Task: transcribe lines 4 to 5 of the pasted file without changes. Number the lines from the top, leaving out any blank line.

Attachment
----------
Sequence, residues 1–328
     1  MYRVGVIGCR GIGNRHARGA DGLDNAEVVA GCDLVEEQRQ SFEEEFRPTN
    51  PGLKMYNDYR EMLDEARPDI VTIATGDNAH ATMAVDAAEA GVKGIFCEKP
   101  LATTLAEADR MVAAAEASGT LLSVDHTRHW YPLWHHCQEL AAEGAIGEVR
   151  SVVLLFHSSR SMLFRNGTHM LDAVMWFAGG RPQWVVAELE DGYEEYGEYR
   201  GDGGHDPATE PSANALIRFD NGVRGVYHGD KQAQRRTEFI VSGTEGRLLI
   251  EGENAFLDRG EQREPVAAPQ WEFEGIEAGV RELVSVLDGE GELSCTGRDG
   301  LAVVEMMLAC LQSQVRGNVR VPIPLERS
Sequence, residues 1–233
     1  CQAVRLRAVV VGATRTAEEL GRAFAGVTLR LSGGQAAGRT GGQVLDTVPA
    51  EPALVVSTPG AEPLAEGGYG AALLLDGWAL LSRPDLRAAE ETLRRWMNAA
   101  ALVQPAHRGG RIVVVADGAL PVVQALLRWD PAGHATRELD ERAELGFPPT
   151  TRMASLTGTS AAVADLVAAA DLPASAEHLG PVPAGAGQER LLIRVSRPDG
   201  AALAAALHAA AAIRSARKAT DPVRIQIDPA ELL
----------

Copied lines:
   101  LATTLAEADR MVAAAEASGT LLSVDHTRHW YPLWHHCQEL AAEGAIGEVR
   151  SVVLLFHSSR SMLFRNGTHM LDAVMWFAGG RPQWVVAELE DGYEEYGEYR